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New rule closes loophole on dangerous inclined infant sleep products

Inclined sleepers put babies at risk of suffocation. A new federal rule will make companies warn parents that the products are dangerous.

Parents in Texas trust that products on the market for their infants have undergone safety testing and meet industry standards. While that is true for most products, many infant inclined sleeper products with a fatal design flaw fell through a loophole in government safety requirements and made it into people’s homes. Over the years, dozens of infants have died, and hundreds have sustained injuries.

According to Consumer Reports, the U.S. Consumer Product Safety Commission has voted to close the loophole and identify the hazards of these products so that parents will not unwittingly put their infants at risk of suffocation.

The product hazards

The American Academy of Pediatrics recommends that parents put babies under 5 months old to sleep on a firm, flat surface that is stable and does not have bedding or restraints, which could create a suffocation hazard. Inclined sleeper products have an angle greater than 10 degrees, and they also often have a pillowy surface. Some infants have died when their heads slumped forward too far and closed their airway, while others have suffocated by rolling partly or completely onto the pillowy surface and suffocating against the side or back of the sleeper.

The safety loophole

These inclined sleeper products escaped the rigorous testing and safety standards that other baby sleep products must meet because they did not fit into one of the CPSC’s five regulated sleep product categories: full-sized cribs, nonfull-sized cribs, bassinets/cradles, play yards and bedside sleepers. These types of products not only have to meet the strict federal standards but must also undergo safety testing by a third party. They cannot have an incline greater than 10 degrees and they must have firm sidewalls that are a minimum of 7.5 inches tall. These three factors eliminate the suffocation and fall hazards that infants face in an inclined sleeper.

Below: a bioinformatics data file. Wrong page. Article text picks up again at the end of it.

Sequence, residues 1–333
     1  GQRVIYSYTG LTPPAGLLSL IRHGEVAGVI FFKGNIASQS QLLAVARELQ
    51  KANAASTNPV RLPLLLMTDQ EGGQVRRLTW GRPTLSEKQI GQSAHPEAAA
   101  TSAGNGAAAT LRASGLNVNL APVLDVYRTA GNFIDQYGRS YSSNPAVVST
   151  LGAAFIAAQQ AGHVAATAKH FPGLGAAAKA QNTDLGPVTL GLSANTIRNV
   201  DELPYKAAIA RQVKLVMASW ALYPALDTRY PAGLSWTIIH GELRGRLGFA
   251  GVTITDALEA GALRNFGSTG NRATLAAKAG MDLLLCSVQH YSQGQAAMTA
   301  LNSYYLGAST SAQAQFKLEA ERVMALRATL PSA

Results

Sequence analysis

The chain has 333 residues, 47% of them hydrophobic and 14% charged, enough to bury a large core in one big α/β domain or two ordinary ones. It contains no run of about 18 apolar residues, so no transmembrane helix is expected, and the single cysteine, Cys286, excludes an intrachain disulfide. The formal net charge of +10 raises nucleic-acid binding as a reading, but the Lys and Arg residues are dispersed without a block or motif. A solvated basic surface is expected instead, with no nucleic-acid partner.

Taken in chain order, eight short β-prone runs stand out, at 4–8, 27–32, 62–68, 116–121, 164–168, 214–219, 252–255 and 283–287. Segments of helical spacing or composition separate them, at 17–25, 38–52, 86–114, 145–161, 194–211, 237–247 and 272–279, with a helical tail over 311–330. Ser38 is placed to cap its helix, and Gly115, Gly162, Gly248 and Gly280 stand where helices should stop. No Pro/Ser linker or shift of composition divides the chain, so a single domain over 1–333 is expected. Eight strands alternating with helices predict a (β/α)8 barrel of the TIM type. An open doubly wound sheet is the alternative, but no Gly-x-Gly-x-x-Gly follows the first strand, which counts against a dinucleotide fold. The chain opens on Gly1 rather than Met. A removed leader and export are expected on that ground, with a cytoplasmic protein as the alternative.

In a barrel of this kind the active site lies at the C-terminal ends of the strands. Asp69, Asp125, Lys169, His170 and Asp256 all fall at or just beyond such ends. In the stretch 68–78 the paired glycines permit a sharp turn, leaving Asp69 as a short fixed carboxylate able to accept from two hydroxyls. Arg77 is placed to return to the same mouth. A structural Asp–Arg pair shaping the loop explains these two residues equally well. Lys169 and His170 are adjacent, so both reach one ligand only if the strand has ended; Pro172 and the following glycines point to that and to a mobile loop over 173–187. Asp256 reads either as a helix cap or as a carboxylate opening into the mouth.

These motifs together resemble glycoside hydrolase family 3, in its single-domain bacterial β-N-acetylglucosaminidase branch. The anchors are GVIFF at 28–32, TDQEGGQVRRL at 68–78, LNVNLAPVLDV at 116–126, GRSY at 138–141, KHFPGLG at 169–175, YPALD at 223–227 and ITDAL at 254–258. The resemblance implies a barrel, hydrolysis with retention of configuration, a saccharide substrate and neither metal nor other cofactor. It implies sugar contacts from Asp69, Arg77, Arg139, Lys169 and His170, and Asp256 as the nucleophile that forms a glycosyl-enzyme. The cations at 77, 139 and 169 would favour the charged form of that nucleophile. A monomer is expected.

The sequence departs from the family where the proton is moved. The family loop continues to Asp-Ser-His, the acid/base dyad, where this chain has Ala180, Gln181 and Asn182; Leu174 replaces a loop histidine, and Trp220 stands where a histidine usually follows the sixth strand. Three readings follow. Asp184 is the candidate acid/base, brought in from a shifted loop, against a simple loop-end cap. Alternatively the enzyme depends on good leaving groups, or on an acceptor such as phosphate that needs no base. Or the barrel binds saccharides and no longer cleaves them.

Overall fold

Voluntary standards

As incidents added up over the years and many products were subject to recalls, Fisher-Price voluntarily created their own standards for the products through an independent organization that provided some oversight. The CPSC allowed this rather than creating an industry standard with federal oversight, but the fatalities continued for similar products from many manufacturers. Recalls of products associated with fatalities have led many retailers to stop selling the products.

Federal oversight

In June 2021, the CPSC voted that manufacturers can no longer sell inclined sleeper products as such. Now, all sleep products must meet the federally regulated safety standards. This is not to say that the products will disappear from the market, though. When the rule goes into effect in June of 2022, manufacturers must make it clear through the packaging and marketing that the infant products that support the child at an incline are not safe for sleep.

While the CPSC does its job to improve infant safety, parents whose child is a victim of an unsafe product may raise awareness by holding the manufacturer liable through litigation. A Texas product liability attorney may help build the case and hold the responsible parties accountable.

 

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